Can compliance with benefit-sharing obligations as outlined in the Declaration of
Helsinki be achieved through ethical review? As we have seen, the obstacles are
manifold. In particular, post-study access does not seem to be a promising sce-
nario, given the unrealistic timeframes and the potential for injustice. 'Other bene-
fits' are a more realistic option, in particular the provision of comprehensive health
care during long-term studies. In order to strengthen the capacity of ethics review
to ensure benefit sharing, we submit the following recommendations:
• Research ethics committees and other parties need to know whose duty it is
to discharge post-study obligations. This could be specified in the Declaration
of Helsinki. Specification in national law (as in Brazil) is another possibility.
Solutions should be integrated with local health systems in developing countries
so that research sponsors and local authorities understand their specific roles in
providing health care to populations.
• Effective research ethics committees require adequate resources, training and
time to fulfil their important roles. As studies have shown, this cannot be taken
for granted in developing countries. There is already a pressing need to facilitate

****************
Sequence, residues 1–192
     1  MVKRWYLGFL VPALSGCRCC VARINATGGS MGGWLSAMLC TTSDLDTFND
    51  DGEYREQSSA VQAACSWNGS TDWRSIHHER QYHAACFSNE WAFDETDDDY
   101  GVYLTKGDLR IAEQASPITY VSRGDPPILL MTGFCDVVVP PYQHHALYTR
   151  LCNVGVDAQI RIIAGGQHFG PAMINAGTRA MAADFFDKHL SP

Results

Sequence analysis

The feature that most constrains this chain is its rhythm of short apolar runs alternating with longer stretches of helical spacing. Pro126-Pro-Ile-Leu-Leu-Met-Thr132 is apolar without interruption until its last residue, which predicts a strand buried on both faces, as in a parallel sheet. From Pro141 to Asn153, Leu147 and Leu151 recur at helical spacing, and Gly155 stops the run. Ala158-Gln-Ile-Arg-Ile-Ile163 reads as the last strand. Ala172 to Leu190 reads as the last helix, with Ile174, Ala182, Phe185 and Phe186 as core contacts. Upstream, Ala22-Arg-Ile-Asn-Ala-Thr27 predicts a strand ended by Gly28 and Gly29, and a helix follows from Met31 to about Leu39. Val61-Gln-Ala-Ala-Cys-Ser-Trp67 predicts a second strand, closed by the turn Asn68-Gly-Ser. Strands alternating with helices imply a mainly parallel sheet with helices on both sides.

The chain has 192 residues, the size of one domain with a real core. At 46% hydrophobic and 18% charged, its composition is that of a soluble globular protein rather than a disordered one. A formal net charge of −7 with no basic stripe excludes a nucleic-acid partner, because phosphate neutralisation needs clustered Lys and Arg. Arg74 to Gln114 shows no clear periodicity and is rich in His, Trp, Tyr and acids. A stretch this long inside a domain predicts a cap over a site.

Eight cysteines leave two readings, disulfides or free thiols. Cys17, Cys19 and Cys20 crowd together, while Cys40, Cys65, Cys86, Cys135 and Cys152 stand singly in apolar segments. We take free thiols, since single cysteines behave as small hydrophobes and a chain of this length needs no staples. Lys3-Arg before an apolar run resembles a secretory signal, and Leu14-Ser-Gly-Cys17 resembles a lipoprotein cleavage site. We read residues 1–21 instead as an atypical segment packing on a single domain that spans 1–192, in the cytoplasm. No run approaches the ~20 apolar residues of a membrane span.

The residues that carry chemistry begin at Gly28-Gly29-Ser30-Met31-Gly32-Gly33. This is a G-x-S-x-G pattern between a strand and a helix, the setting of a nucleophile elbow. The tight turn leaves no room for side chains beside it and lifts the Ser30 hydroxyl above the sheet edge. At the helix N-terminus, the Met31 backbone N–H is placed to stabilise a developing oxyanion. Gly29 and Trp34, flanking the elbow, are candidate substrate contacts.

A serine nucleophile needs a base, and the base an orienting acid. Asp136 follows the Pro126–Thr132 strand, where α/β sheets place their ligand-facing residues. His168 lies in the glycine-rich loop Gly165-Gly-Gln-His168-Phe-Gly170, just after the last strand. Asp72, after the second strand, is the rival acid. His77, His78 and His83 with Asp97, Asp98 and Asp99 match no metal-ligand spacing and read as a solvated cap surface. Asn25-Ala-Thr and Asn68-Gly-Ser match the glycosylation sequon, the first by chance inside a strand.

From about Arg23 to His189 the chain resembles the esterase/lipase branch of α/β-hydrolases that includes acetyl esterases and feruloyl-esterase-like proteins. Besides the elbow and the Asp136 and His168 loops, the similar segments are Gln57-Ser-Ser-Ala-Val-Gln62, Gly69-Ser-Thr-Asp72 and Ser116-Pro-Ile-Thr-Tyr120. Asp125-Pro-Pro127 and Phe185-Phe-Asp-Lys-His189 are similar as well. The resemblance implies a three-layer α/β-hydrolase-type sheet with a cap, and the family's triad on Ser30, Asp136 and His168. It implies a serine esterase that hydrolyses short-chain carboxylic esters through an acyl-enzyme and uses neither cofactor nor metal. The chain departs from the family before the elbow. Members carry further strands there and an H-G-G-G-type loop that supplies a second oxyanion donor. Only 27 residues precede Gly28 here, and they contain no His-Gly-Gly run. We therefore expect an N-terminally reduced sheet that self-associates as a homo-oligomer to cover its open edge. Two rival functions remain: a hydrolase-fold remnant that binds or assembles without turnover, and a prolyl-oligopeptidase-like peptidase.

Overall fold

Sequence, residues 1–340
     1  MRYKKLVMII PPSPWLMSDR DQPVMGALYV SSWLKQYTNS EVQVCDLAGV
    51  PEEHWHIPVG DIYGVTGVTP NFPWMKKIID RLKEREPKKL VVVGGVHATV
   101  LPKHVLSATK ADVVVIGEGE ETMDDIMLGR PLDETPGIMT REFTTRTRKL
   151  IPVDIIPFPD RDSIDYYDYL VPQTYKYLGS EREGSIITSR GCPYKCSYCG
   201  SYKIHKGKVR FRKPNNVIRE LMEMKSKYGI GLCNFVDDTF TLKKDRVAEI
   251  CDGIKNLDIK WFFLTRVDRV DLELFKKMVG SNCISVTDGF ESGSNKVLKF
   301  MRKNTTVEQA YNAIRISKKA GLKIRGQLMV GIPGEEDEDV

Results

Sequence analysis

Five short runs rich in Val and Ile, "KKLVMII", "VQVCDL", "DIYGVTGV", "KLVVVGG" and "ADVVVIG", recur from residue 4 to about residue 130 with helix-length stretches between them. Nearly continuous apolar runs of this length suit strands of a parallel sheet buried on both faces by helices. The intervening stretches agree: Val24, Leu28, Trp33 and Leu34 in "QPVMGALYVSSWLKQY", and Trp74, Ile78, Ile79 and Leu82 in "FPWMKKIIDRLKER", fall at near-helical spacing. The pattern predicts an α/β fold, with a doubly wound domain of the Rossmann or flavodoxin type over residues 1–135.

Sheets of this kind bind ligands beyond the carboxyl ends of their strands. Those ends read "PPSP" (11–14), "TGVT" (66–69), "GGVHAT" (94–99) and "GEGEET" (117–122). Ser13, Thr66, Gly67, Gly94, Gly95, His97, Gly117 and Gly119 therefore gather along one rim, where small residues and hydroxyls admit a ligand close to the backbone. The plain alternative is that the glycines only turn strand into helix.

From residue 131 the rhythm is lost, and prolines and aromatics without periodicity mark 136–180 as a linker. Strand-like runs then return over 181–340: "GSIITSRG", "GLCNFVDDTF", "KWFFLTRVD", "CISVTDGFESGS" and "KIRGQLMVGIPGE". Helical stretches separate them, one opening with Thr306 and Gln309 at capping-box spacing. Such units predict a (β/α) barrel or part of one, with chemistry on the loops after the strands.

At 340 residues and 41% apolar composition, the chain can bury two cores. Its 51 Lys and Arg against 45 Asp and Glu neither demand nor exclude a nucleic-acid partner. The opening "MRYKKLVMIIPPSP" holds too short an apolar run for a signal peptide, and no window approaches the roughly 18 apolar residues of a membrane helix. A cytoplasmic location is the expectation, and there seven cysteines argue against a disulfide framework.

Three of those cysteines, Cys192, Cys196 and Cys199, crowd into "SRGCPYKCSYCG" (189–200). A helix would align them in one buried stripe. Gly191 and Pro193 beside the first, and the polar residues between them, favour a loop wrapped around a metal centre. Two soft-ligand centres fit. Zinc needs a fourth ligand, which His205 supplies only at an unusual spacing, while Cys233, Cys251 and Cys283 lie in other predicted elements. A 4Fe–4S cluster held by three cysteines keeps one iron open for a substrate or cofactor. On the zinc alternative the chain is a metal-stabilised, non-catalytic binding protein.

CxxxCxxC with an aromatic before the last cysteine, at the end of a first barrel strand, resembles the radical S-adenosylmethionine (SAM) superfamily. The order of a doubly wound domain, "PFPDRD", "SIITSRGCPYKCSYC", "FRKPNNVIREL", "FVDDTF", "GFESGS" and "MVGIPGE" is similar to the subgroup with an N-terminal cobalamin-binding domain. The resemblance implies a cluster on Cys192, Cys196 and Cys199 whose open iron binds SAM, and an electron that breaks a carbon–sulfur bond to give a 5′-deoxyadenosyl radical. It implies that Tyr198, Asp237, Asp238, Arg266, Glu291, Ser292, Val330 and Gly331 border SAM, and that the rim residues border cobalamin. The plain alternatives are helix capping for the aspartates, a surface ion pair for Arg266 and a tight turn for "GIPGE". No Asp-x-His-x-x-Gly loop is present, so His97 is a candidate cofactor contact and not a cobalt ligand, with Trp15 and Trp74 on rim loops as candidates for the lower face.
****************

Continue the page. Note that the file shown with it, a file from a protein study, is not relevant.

innovative ways of offering training and education in research ethics. As well as supporting
and enhancing current training programmes it will be essential to build up a cadre of trainers
located in developing scountries, as well as establishing a process of mentoring for local eth-
ics committees (Bhutta 2004 ).
• In addition, further ways of providing inancial support to ethics committees in
developing countries need to be found.
• Applying post-study obligations to all types of research without further reine-
ment would be unlikely to achieve broad acceptance of the duties entailed and
may even lead to new injustices, in particular if valuable publicly funded
research tailored to Type III diseases 10 were abandoned in developing countries.
Such research could attract exemptions or waivers from post-study obligations,
as they already comply with fairness requirements.
• The tension between beneit sharing and undue inducement needs to be resolved
for developing countries. The ideal solution would be the global success of the
fair exchange model between the health care industry, human research partici-
pants and national governments: human research participants show solidarity
with others (Knoppers 2000 ; Berg and Chadwick 2001 ) by taking part in medi-
cal research and are rewarded, like their fellow citizens, with the fruits of medi-
cal progress, generated through industry and partly funded through national
governments. In such circumstances, concerns about undue inducements would
be restricted to substantial monetary rewards and other excessive remunerations.
• However, as long as this ideal solution remains no more than an aspira-
tion, ways must be found to avoid the exploitation of research participants in
10 Type III diseases are those that occur exclusively or overwhelmingly in poor countries.